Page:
Written by Hombre Divertido
It’s certainly difficult to write something that is sure to anger pubescent girls throughout the world, but this Last Song should have never been sung.
So trite and one-dimensional in storytelling and performances is The Last Song, a 107-minute outing from Offspring Entertainment and Touchstone Pictures that hit theatres on March 31st, one might think it is a cheeseball teen flick from the eighties. Unfortunately there are no laughs here, no fun, no depth, and no enjoyment.
In a screenplay from Nicholas Sparks & Jeff Van Wie, based on the novel by Sparks, we meet seventeen-year-old Ronnie (Miley Cyrus), who is being forced to spend the summer on the beautiful Tybee Island with her father with whom she has been angry since her parents divorced three years ago. Little or no introduction to our characters is provided. We simply learn of Ronnie’s anger by her pouting which Cyrus has mastered and evokes throughout the film.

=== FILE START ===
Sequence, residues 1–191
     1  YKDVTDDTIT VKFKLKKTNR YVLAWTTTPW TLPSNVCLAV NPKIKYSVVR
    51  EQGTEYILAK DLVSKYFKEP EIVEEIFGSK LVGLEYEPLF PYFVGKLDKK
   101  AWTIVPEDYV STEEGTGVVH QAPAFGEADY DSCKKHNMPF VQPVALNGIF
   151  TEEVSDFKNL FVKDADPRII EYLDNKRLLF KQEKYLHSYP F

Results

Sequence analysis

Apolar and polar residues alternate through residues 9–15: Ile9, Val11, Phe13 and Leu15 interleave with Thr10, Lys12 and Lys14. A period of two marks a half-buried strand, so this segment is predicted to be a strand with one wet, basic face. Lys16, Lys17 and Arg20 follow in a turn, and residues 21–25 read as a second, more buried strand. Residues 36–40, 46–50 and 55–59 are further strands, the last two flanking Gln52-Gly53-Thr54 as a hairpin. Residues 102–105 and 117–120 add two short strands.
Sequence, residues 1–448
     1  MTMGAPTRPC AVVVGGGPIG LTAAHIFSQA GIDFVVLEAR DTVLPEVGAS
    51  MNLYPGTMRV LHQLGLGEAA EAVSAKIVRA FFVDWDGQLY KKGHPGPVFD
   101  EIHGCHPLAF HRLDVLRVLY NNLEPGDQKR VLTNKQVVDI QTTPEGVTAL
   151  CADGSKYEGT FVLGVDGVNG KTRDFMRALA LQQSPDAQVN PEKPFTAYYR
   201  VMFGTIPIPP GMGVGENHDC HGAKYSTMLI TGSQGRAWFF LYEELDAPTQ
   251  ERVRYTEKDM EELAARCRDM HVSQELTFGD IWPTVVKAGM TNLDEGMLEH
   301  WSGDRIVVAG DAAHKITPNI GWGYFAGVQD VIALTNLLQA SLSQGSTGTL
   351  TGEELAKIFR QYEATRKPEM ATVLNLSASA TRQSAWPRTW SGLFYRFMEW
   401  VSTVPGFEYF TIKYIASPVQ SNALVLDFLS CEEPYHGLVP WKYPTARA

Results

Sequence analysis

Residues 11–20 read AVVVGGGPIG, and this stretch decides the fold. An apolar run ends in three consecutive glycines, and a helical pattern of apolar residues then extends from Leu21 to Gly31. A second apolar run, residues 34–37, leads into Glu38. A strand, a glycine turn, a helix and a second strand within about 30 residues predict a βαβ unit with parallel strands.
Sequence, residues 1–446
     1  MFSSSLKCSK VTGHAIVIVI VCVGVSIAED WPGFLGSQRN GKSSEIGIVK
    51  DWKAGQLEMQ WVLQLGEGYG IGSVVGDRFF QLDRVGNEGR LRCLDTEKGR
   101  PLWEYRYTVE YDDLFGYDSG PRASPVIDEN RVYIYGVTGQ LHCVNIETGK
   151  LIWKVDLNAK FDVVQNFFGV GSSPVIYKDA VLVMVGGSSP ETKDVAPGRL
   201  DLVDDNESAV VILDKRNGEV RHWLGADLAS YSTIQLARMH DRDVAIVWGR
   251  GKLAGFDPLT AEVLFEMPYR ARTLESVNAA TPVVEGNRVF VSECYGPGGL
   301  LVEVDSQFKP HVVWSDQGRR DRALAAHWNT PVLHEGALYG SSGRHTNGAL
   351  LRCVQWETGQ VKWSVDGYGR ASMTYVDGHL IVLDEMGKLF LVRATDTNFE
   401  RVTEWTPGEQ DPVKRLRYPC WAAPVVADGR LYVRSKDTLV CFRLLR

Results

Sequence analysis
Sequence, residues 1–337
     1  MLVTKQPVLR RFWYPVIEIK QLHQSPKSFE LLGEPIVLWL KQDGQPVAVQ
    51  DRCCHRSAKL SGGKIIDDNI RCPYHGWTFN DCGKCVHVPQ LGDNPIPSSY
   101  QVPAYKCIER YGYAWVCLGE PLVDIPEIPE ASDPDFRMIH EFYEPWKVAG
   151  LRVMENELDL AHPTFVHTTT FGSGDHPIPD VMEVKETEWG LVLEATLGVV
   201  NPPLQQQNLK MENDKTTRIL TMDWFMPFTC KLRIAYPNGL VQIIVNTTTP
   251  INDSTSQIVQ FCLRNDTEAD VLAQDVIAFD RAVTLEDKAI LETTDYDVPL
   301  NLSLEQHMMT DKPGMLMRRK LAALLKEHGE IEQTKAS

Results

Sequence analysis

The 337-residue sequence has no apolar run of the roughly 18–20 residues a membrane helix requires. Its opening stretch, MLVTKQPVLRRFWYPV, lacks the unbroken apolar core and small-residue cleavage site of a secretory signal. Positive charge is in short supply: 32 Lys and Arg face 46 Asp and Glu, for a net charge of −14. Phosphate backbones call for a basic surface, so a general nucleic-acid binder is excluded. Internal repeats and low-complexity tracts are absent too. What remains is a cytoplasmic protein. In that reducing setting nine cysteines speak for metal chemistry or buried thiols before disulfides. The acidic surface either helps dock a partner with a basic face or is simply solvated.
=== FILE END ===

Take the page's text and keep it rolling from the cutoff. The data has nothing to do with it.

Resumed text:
Ronnie establishes relationships in ways that only happen in movies. She shows her emotional unstableness by overreacting to the plight of a nest of unhatched sea turtles, displays an inconsistent caring for her little brother (an underutilized Bobby Coleman), and falls in love with Will (Liam Hemsworth), the rich volleyball-playing hunk. He is then forced to deal with the unstable Ronnie who, along with the previously mentioned issues, also struggles with being a gifted pianist who has been accepted to Julliard.
Sigh, poor Ronnie.
The saddest part is that there was potential here. Had some time been invested in developing the story and characters, rather than simply turning this into a Cyrus vehicle which she is not yet ready to drive even though every turn can be seen from miles away, a decent product could have been delivered.